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No. 371: The Straight Skinny

⁂ Nashville's Alt-Daily ⁂ Crime · Early Voting · Lauter · Cocktails · Movies · Much More!

📰 Here's what we're talking about today:
  • Intro Davis gives it to you straight on crime.
  • Nashville Megan looks back on early voting turnout here in Davidson County.
  • Elsewhere H.D. Miller lets his gluttony guide him and Mike Wolf serves up another cocktail.

Good morning, everyone.

A new talking point about crime has emerged.  Apparently: 1) violent crimes (excluding homicides) are at historic lows, so crime concerns are a "hoax" and 2) the areas with the highest murder rates have Republican governors. Technically, both of these things are true, but the narrow view those espousing this have regarding this issue can only be described, again, as either malice or stupidity.

As you'll see in our graph in 'Elsewhere', homicide rates—you know, the worst crime—have been on the rise since the Ferguson fracas in 2014 and show no signs of abating. Of course, it’s true that most of these homicides are black-on-black and, as the "red state murderers" hypothesis cloaks, cluster mostly in areas with a large percentage of black residents.

While states with high murder rates may be led by Republican governors at present, the mayors of the country's most dangerous cities and counties are, in fact, Democrats. The top five deadliest cities (or counties) are as follows, ranked by homicide victims per 100,000 residents:

  1. St. Louis, MO (51): Mayor (D)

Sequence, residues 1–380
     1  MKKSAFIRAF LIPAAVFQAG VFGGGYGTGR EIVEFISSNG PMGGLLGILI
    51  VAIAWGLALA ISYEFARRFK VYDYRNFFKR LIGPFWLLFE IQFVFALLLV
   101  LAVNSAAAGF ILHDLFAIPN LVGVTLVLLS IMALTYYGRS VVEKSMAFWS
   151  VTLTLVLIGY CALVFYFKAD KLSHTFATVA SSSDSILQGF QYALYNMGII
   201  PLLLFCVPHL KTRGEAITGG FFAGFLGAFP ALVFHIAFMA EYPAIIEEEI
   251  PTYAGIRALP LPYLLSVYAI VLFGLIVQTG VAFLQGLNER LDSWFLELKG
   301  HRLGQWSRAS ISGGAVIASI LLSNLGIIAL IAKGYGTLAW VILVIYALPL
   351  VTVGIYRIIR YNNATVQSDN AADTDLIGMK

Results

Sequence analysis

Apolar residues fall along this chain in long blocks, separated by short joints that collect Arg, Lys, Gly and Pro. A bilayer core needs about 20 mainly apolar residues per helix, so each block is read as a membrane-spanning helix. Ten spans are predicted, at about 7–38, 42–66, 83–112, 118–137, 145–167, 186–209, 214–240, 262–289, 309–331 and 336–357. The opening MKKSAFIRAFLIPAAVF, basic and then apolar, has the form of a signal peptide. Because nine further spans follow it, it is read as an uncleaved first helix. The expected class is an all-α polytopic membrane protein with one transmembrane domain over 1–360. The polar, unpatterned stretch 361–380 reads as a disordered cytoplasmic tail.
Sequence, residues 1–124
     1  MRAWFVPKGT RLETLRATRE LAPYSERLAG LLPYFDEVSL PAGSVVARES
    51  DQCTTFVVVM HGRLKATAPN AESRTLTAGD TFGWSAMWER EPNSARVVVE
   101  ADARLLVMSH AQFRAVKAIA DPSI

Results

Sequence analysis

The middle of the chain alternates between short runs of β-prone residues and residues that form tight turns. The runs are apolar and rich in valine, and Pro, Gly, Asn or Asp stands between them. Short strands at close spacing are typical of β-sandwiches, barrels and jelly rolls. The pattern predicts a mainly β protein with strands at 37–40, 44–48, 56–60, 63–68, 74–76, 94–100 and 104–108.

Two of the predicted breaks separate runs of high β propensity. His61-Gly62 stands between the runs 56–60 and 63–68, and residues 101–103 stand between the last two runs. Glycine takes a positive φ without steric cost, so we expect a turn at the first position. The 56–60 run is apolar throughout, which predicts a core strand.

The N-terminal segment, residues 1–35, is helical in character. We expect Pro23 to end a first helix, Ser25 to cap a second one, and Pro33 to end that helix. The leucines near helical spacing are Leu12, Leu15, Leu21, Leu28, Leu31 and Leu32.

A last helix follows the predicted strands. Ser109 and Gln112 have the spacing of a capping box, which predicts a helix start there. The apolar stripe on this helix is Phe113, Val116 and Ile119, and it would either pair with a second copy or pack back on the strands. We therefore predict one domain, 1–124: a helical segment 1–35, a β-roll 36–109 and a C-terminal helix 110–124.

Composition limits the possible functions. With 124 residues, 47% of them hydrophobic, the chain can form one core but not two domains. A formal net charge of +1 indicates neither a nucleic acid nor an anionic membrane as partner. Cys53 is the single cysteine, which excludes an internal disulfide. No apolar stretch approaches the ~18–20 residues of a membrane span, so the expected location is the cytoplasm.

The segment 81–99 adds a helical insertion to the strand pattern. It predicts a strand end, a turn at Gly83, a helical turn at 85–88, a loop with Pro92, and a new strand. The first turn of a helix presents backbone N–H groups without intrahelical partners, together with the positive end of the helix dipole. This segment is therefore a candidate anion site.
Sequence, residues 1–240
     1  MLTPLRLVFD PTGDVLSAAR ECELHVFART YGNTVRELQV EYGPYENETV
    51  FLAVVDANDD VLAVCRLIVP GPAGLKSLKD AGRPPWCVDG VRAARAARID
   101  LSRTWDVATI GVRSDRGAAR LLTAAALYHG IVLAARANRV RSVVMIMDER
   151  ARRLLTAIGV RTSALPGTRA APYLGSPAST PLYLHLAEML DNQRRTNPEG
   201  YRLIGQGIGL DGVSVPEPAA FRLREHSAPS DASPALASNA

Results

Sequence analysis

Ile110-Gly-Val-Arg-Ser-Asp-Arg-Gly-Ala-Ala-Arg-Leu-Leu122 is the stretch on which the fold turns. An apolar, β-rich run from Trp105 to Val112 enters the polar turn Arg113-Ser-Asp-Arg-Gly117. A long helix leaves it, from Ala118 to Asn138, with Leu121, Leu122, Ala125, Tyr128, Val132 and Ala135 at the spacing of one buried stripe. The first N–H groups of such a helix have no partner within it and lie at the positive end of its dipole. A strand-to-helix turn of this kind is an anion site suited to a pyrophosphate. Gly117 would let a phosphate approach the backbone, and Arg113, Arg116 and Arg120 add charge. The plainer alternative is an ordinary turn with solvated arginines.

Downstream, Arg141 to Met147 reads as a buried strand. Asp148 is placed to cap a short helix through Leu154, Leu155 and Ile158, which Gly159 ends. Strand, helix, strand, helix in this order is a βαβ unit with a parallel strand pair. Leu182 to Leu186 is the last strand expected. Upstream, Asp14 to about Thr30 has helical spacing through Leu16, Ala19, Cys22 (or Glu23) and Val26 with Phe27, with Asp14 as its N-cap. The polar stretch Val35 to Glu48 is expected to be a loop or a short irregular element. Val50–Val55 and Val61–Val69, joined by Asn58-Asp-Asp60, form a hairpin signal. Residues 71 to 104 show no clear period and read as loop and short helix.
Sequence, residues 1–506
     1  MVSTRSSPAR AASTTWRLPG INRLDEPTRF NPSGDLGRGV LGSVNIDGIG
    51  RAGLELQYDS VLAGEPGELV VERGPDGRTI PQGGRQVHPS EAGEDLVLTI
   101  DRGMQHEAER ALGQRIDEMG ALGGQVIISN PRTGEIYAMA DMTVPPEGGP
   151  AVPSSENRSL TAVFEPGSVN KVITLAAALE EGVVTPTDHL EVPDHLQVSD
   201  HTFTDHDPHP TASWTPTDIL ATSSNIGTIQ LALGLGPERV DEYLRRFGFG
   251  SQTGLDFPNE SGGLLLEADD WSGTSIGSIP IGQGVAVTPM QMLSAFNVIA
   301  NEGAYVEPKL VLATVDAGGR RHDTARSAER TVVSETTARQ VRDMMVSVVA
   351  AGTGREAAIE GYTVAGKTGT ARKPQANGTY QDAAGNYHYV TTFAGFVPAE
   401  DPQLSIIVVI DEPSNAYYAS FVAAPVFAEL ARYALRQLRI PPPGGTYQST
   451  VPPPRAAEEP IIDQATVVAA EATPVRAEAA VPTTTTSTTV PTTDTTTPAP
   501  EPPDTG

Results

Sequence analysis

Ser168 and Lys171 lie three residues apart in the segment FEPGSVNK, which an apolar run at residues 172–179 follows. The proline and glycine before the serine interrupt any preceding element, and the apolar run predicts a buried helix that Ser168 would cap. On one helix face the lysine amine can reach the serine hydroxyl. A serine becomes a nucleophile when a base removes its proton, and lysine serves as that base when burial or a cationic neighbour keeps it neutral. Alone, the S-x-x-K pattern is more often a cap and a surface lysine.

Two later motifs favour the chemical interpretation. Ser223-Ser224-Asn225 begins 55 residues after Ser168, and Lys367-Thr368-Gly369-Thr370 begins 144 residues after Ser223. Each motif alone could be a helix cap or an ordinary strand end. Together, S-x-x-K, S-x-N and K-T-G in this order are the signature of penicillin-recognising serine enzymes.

2. Baltimore, MD (46): Mayor (D)
  3. New Orleans, LA (Orleans) (39): Mayor (D)
  4. Memphis, TN (Shelby) (30): Mayor (D)
  5. Philadelphia, PA (28): Mayor (D)

But, the better explanation for why crime in these areas is so bad has less to do with what political party is in charge and more to do with their demographic makeup. Black Americans are over ten times more likely to die by homicide than white Americans. All of the areas listed above have a large percentage of black residents.

The effect is even observable across income levels. In 2006, white Americans making under $10,000 per year had a homicide rate that was half that of black Americans making over $85,000 per year. Report after report has revealed that the correlation between poverty and crime is much weaker than many are willing to admit.

Trotting out these numbers (and that's what they are, numbers) often invites resistance for obvious reasons. But it's necessary to grapple with and fully understand what and where a problem is before we propose solutions. It's very typical of limousine liberals to lob out lazy solutions from their safe communities, far removed from day-to-day violence. If they were genuinely interested in helping our fellow Americans, and the black community at large, they would start by acknowledging this uncomfortable fact and listening to people rather than politicians.